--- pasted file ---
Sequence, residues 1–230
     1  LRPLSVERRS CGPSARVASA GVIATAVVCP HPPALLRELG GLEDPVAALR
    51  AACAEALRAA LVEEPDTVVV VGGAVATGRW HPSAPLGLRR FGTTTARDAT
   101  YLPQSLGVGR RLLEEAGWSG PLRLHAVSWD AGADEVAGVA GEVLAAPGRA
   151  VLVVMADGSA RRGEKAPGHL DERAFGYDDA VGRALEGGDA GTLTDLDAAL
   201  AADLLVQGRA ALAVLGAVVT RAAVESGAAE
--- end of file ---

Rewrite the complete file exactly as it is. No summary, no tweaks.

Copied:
Sequence, residues 1–230
     1  LRPLSVERRS CGPSARVASA GVIATAVVCP HPPALLRELG GLEDPVAALR
    51  AACAEALRAA LVEEPDTVVV VGGAVATGRW HPSAPLGLRR FGTTTARDAT
   101  YLPQSLGVGR RLLEEAGWSG PLRLHAVSWD AGADEVAGVA GEVLAAPGRA
   151  VLVVMADGSA RRGEKAPGHL DERAFGYDDA VGRALEGGDA GTLTDLDAAL
   201  AADLLVQGRA ALAVLGAVVT RAAVESGAAE